So my first step has to be dusting it off, and sitting down, and reading through it from start to finish. I allow myself to fix formatting issues, and any typos, but I do not let myself do any re-writes. If I think something needs to be cut, I'll mark it in my notes, and in the document, but I won't actually do any cutting until I've read through it completely and have pages of notes to write up and organise.

This usually happens when I read through it again, make more notes and highlight specific parts that need to stay, and ones that need to be changed or rewritten or even cut completely. From there I will get it all organised in a word doc or the like, and move things around. It allows me to see the story as a whole, and also pinpoint exactly where those changes need to occur. Like if I know that a scene coming up is pivotal to the overarching plot, but there's some problems with it, I'll mark that one for a bigger change than say, a scene that doesn't have as much of an impact.

There are, of course, always scenes that I feel like need to be removed, and changed around and the like, and it's usually at this stage that I'll make those decisions, like whether or not it is going to be cut, or changed, or moved. I do this because when I get into the next step, I want to be working with as much of the whole story as possible.


This is the part when all the hard work really begins. I don't mean that the rest isn't hard, it very much is, but it's at this point that I'll start taking those highlighted parts, and my notes, and systematically going through from page one to make those changes. I'll deal with the bigger ones first because there's little point worrying about line edits when I need to rewrite whole swaths of text, but I'll go through, rewrite, make more notes, and make sure that it flows from one plot point to the next and so on.

This is the one that takes the most amount of time, and it's something where, occasionally, I've had to go back to step two and start again, redo the outline and remark everything because I've spotted a new plot problem or one of them has been too difficult to make it work right. Either way I stay on the final step until I'm absolutely happy with things.

When I get to betas and the like, I pretty much start again, going through, making an outline and making sure everything works. It's a long arduous process, but it's the way it should be.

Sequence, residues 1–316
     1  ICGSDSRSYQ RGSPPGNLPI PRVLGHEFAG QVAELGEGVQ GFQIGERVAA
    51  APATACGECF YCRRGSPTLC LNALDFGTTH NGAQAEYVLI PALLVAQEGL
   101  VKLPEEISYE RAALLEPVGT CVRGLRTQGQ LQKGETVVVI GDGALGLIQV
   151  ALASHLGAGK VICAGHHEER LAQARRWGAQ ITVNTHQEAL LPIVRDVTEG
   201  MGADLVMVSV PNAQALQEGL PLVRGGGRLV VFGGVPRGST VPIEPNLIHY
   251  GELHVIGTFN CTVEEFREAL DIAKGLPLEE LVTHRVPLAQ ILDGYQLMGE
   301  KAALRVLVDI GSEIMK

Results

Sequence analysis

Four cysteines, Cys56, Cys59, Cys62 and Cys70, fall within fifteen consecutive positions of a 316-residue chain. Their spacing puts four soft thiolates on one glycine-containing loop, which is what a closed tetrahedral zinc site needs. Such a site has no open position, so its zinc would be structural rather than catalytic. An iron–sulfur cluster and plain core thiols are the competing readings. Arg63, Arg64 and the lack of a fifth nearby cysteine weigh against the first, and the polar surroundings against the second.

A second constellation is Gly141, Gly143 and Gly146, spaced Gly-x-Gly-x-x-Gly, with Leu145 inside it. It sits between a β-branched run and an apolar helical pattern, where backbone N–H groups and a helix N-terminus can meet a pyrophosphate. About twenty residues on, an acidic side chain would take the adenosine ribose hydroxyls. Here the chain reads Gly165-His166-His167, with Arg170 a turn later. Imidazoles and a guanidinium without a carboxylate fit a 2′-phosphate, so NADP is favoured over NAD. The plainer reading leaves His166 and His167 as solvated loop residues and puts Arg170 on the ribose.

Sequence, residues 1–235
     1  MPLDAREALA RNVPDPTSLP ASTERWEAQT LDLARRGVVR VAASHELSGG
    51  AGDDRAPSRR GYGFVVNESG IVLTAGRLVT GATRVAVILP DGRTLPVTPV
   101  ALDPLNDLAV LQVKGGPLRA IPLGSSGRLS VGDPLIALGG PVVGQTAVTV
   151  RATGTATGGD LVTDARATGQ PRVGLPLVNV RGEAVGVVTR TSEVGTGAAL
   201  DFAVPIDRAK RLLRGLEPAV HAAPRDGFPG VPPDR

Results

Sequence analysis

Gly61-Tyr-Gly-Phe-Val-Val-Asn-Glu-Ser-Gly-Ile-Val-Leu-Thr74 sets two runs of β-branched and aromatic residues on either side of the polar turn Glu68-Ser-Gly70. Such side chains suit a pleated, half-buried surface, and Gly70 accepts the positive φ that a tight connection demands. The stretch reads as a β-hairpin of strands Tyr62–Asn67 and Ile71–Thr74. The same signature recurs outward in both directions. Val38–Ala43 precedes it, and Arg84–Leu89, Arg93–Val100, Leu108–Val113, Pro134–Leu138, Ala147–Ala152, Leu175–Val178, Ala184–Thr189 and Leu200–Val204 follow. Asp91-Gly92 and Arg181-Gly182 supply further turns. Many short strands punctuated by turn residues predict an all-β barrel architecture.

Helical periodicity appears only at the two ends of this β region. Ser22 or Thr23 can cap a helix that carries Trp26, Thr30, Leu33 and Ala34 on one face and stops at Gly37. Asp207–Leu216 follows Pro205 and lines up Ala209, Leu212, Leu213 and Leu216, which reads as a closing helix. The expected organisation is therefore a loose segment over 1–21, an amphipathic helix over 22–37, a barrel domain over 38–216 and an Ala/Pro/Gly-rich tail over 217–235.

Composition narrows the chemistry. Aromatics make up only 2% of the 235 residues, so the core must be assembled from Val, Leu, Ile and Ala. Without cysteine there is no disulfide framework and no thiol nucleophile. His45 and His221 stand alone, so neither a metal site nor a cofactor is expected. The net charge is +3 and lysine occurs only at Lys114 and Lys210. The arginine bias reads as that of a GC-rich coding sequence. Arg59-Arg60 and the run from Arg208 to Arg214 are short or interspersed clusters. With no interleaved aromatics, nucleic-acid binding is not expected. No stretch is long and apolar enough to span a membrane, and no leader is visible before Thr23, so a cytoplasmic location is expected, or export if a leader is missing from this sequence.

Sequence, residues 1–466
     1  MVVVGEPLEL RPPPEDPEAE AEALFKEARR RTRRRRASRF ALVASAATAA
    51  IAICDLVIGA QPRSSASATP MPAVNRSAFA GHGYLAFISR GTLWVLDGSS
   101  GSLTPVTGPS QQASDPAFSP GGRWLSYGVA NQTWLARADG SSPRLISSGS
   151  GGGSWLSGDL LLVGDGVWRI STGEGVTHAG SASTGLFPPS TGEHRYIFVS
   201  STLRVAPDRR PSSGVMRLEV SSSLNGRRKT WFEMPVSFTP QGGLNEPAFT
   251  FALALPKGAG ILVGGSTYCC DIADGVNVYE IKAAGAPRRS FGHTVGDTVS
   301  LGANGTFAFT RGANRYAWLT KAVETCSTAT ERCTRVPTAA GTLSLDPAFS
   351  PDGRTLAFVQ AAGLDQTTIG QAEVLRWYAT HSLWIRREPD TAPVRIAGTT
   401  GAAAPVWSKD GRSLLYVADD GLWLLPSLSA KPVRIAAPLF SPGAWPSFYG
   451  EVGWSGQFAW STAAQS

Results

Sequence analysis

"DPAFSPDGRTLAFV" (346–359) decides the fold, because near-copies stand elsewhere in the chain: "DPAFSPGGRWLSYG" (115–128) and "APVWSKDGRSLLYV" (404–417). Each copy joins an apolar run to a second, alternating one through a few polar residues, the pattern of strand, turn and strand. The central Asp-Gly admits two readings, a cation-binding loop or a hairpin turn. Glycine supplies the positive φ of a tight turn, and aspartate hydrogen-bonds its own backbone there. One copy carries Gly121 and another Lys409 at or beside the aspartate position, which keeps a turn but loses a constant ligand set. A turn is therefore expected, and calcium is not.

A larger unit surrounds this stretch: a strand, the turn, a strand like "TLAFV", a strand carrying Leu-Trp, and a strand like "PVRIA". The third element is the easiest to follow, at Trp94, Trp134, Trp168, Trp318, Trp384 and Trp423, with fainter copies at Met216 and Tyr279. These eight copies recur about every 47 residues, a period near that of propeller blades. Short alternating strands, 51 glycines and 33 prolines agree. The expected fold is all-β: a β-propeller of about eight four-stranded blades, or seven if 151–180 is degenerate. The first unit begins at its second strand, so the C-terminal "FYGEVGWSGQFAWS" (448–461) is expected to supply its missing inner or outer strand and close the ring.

Any questions? Lemme know in the comments!

Follow Joey here on her blog, or on Facebook or Tumblr to be kept up to date with the latest news regarding Joey and her books.

Friday 3 February 2023

Review of The Lie That Binds by Amy Argent

I am a liar.

I lie to protect myself.

I lie because I’m terrified.

I lie to keep a secret that would destroy everything in my life if everyone knew.

Holly is the new girl at school and my unwilling lab partner. She hates me because I’m one of the popular guys—one of the bullies who terrorize the unfortunate and the unpopular. For me, it’s who I’ve had to become to keep anyone from getting too close—close enough to see right through me.

When Holly finds out my secret, I have to do whatever it takes to keep her quiet—even if it means telling the most damaging lie of all—the one I tell myself.


My Review: 4.5 STARS

I picked this up having read the blurb and decided that it sounded like a pretty thrilling read, and I wasn’t disappointed. Bad guy and good girl tropes are strong in this one I adored the dynamic between Holly and Nathan. I loved watching them fall in love and everything that went with it. Argent has a way of making the characters feel real, pulling you along for the journey and loving every second of it. The book was amazing from start to finish and the only reason I took a break from reading was to get some sleep. Overall, an amazing story and one that I think will appeal to most readers.

Join Joey here on the blog on Fridays for interviews, reviews and guest bloggers. If you'd be interested in doing any of those, you can contact Joey here